Dateline: 23 May 2006
Twice a year, spring and fall, always on a Saturday, from 10:00 to 3:00, my town has a “dump day.” Town residents can bring their non-household refuse to the town barn and toss it into one of the many enormous dumpsters that are there for the occasion. Folks can get rid of their junk at no cost. Non-household refuse is stuff like old lawnmowers, appliances, televisions, vacuum cleaners, exercise equipment, plastic toys, furniture, and so forth.
Dump day is an event that my boys and I always go to. We do this for several reasons. One reason is that I’m an elected member of my town board and I feel like I have a responsibility to make a show. A few years ago, when we first initiated dump day (as a service to town residents, and an attempt to help clean the town up a bit) we board members would take turns working the five hours, directing folks where to dump their stuff and helping them with the task. Now that dump day has grown in popularity, we pay the three town employees overtime to be there for the whole time. Even still, I feel I should show up and help a little. But that’s not the only reason we go to dump day.
We also go to dump our own junk. I’ll store unburnable items (made of plastic and metal) out of sight behind my shop and haul them out for dump day. But that’s not the main reason why we go to dump day.
The main reason—the biggest reason— we go to dump day, the reason my boys await the day with great anticipation, is that we get to pick over what everyone else throws out. And sometimes we find good stuff!
For example, a couple years ago, one of my neighbors pulled in with a pickup full of scrap and I instantly noticed a long length of thick copper cable. I told him the copper was worth money but he said he just wanted to get rid of it. So I told my son, Robert, that he could have it and to haul it over to our trailer. Later, I showed him how to slice the insulation off with a utility knife. Then we made a trip to the scrap yard and sold it for $89. That was a nice chunk of change for a 13-year-old boy, and it was a real learning experience.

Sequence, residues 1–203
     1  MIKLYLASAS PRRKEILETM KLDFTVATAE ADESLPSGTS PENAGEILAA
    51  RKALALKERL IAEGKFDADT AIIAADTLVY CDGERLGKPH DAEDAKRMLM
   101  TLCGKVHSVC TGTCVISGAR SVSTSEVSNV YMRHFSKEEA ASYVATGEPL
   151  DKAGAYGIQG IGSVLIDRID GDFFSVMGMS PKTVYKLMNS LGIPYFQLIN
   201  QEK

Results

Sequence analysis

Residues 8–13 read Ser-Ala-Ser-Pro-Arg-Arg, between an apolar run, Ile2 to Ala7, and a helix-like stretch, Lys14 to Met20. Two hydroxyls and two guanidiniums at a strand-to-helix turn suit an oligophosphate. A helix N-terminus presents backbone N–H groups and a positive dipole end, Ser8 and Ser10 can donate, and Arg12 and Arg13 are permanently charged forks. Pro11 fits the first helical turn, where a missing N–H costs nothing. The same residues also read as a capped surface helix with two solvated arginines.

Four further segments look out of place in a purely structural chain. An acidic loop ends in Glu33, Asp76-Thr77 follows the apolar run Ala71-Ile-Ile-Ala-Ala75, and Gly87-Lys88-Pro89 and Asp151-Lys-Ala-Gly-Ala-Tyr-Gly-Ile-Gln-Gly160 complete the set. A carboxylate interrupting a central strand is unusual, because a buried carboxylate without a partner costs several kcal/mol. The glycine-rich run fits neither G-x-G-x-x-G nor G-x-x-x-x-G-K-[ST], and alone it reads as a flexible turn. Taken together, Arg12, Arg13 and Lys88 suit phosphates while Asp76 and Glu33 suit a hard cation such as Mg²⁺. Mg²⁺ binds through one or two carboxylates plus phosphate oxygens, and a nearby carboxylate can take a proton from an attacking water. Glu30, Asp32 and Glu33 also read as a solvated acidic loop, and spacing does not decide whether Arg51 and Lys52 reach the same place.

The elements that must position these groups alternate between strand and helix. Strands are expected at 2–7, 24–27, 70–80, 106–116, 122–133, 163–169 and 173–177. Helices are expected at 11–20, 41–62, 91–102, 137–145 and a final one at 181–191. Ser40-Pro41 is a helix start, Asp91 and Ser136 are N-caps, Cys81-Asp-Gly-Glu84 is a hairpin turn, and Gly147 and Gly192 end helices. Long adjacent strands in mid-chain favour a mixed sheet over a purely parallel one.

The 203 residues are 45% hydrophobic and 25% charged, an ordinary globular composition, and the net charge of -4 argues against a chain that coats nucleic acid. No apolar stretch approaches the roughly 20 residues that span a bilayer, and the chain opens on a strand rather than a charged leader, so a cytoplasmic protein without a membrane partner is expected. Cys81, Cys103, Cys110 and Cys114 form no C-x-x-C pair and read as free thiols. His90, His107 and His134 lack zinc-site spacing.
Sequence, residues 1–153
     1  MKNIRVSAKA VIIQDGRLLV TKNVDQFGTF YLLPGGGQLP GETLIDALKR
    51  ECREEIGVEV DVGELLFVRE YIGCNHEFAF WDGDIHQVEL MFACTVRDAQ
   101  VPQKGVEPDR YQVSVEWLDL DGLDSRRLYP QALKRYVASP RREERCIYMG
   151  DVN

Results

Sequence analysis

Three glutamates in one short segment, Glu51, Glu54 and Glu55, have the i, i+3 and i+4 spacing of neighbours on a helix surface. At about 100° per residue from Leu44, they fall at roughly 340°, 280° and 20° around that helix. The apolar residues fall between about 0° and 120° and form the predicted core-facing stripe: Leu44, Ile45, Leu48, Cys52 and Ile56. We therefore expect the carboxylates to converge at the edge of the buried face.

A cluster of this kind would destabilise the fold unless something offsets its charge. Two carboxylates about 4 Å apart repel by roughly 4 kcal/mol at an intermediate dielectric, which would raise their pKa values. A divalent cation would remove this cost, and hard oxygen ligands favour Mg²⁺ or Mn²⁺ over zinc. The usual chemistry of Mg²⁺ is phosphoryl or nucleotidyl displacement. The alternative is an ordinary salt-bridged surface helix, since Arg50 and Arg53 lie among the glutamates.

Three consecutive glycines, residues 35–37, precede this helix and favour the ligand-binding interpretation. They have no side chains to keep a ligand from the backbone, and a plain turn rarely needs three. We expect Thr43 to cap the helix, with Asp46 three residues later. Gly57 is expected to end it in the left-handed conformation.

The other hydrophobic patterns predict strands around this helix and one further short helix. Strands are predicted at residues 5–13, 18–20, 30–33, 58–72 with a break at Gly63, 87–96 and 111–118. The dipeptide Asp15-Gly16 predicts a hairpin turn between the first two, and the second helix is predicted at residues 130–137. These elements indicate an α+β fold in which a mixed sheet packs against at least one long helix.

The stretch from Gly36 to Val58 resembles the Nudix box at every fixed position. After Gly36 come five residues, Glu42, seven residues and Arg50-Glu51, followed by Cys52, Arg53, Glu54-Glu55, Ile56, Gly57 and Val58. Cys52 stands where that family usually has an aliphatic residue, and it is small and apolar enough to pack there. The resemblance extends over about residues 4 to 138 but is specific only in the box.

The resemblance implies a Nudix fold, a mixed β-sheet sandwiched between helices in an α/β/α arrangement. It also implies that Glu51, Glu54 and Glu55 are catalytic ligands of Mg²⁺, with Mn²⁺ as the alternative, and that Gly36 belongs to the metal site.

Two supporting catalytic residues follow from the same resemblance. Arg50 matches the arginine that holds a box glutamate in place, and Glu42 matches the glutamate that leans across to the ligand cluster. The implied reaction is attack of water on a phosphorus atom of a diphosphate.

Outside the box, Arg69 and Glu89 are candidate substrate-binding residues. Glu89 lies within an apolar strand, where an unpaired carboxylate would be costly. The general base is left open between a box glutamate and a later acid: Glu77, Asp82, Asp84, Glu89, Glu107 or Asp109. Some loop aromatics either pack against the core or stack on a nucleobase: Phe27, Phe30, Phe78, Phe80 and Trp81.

Copper prices have more than doubled since then and Robert has accumulated a copper stash out behind my shop. He has learned that scrap copper is out there and it’s worth money and if you keep an eye out for it, you’ll find it. And a little bit at a time, here and there, adds up to a lot after awhile. It’s like a savings account.
My boys have salvaged old bikes and snow sleds and so much other stuff I can’t remember it all. I’ve made some good finds too. One of my best was an expensive waterproof canvass truck tarp—the kind used to cover a load of hay on a flatbed tractor trailer. Mice had eaten some small holes in one section but the rest of the cover was like new. I brought it home and cut it into manageable sections of useful tarp. I’ve used it to cover firewood and chicken tractors and I think those tarps will last forever—unlike those cheap woven plastic ones I used to buy.
Last Saturday was dump day and, as usual, we were there lookin’ for great finds. Robert got himself a Poulan chainsaw that works. When we got home he wanted to cut a tree down. I pointed out a 6” diameter maple that we could do without. He cut it down, trimmed the branches off and cut it into firewood lengths. James split the chunks in half with his axe. Then they piled the branches on our burn pile and stacked the wood on our woodpile.
Now Robert and James want to go into the firewood business. Robert asked me if I would pay him $30 a cord for the firewood. I told him we don’t have the trees to spare (it’s times like this I wish I had that wooded land I dream of owning one day). But when we buy the old Moravia Grange Hall, there are some trees in the small bit of woodland there that can be cut for firewood. So I told him he will have plenty of opportunity to put his “new” chainsaw to use.
James figured he hit the “mother lode” when he hauled out a big coil of wire with black insulation on it. I thought he did too. But, upon closer inspection, we discovered it was underground phone wire and the wires were very small. So we left it there. But I wish we hadn’t done that because I’ve bought underground phone wire and it is expensive stuff. It was a perfectly fine big roll and I probably could have sold it to someone.
Then James found an electric sewing machine and asked me if he could bring it home. It happened to be in the original carrying case with the instruction manual and looked to be in perfect condition. It was an old Kenmore and surprisingly heavy. We brought it home.
Sunday afternoon, James and me spent some time figuring out how to make it sew. Sewing machines are amazing mechanical devices. The instruction manual came in real handy. After awhile that machine was sewing as well as a brand new model. Fact is, it sews better than Marlene’s old sewing machine.
I don’t think we’ve ever gone to dump day and come away empty handed!
Our family has found this unique little community event (we are not the only pickers there) to be educational, exciting, inspiring, and profitable. I heartily recommend dump picking to you as a wonderful family activity.